Lifelong learning begins with the child.
The NLB is committed to cultivating in children a love for learning
and a passion for discovery. Incorporating elements of experiential
learning, arts, story-telling, and other fun-filled activities,
its numerous programmes never fail to stimulate young inquiring
minds and incite in them a sense of wonder.
In the spirit of celebrating children, the NLB co-organised the
inaugural Asian Children's Festival (ACF) from 27 November to 3
December 2000, in association with the National Book Development
Council of Singapore and the People's Association.
The festival featured events that encouraged critical thinking,
creativity and lifelong interest in reading, literary arts and culture.
Storytellers, illustrators, authors and book publishers from 20
participating countries congregated in Singapore to share their
stories and captivate the audience with their wisdom on children's
learning and literature.
The week-long festival consisted of three main events, the Asian
Storytelling Carnival, the Asian Children's Writers and Illustrators
Conference 2000, and the Asian Children's Expo. The ACF
proved to be a great success and the NLB will continue to host this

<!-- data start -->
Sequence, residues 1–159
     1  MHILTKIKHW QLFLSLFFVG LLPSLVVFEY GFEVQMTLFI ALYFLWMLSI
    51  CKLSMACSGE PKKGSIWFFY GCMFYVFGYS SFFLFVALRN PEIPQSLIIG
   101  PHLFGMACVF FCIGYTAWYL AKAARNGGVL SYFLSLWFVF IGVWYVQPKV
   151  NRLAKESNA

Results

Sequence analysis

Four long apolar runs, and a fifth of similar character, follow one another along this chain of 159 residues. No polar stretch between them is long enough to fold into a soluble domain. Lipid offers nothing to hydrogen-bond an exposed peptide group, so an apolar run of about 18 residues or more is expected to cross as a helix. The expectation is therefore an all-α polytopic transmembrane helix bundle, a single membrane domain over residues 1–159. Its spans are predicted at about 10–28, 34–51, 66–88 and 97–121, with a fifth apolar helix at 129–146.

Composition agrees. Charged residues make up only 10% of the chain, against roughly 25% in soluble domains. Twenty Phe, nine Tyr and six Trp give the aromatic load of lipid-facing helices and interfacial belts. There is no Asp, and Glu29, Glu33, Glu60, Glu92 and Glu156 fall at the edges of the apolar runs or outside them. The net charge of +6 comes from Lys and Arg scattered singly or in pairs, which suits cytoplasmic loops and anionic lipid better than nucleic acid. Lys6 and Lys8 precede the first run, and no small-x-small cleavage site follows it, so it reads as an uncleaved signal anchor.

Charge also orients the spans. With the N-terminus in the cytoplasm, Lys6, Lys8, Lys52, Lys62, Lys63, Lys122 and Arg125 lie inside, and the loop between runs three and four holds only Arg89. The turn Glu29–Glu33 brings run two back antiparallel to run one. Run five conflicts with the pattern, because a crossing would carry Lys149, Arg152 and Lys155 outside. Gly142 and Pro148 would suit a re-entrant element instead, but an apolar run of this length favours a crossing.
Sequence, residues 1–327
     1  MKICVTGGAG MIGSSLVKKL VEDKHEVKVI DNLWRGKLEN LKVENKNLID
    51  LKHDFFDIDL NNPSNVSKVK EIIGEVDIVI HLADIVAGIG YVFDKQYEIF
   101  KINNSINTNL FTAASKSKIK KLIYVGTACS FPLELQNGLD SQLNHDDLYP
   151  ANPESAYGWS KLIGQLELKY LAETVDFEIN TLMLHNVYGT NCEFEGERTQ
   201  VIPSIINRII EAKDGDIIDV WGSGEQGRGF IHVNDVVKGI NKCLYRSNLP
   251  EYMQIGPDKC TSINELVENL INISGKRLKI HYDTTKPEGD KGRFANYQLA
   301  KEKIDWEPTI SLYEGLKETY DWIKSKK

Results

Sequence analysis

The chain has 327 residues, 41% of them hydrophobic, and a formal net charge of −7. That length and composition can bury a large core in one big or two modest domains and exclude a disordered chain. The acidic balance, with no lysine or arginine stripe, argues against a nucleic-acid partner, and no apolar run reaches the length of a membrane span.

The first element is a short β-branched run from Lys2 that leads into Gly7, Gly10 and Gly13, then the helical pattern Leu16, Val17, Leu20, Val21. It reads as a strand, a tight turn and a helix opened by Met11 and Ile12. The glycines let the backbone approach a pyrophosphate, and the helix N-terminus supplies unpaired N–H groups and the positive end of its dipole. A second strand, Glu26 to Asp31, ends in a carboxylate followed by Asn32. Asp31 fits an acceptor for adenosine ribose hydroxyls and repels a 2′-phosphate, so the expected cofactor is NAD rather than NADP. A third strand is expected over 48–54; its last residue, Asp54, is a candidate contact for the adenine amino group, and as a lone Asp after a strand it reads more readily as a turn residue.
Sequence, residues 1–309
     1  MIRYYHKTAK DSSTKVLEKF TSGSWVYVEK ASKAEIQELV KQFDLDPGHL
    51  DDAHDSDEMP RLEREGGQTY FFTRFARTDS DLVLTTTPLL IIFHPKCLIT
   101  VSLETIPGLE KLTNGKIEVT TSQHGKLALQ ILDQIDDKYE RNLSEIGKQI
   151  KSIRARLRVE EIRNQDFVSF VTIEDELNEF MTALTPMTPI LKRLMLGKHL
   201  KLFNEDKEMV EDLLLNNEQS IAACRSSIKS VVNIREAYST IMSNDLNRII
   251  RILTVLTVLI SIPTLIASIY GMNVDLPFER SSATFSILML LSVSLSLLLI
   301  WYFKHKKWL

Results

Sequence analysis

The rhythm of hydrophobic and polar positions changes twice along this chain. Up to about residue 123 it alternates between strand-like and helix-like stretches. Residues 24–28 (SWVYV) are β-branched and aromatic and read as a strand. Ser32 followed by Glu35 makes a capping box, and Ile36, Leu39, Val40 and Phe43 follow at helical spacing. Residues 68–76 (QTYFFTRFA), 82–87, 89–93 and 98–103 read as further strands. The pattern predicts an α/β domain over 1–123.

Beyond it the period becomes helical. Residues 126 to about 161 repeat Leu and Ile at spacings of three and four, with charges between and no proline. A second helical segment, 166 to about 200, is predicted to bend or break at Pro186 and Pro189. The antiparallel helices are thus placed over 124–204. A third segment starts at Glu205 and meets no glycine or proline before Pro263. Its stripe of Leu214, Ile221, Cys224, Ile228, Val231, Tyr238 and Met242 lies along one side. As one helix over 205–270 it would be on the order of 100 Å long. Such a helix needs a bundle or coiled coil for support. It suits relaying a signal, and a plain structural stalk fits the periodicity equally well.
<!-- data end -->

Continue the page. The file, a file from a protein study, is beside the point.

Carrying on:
event annually in November.
KIDS Discover@MPCL was launched in conjunction with the
opening of the new Marine Parade Community Library. It represents
the NLB's latest initiative to attract children to the library by
presenting information in a fun, innovative and interactive manner.
Based on specific themes of Earth, Water and Sound, KIDS Discover
brings learning to life by promoting a proactive, learner-centric
environment with activities that persuade the learner to pursue
answers to self-generated questions.
The Reading Bear Programme, targeted at primary school students,
was launched in schools to encourage lifelong learning. Fun-time@the
library was a five-week programme catering to pre-schoolers.
Based on a specific theme each week, the classes use songs, art
and craft, storytelling and book talk to inculcate a love for reading
and learning in children.
The Music Post was first mooted as a value-added service for adults
so that they could enjoy listening to music while reading at the
library. In view of its popularity, the service was extended to
children. Known as Listening Post, the service for children
was first introduced at the Sembawang Community Library, where children
could listen to songs and stories at each of the stations.
Housed at the Toa Payoh Community Library, the Teens Zone Service
was designed and developed for students between 10 to 19 years old.
Its focus is on informational materials for school projects and
research, covering history, pioneers of Singapore, environmental
issues and other topics of interest.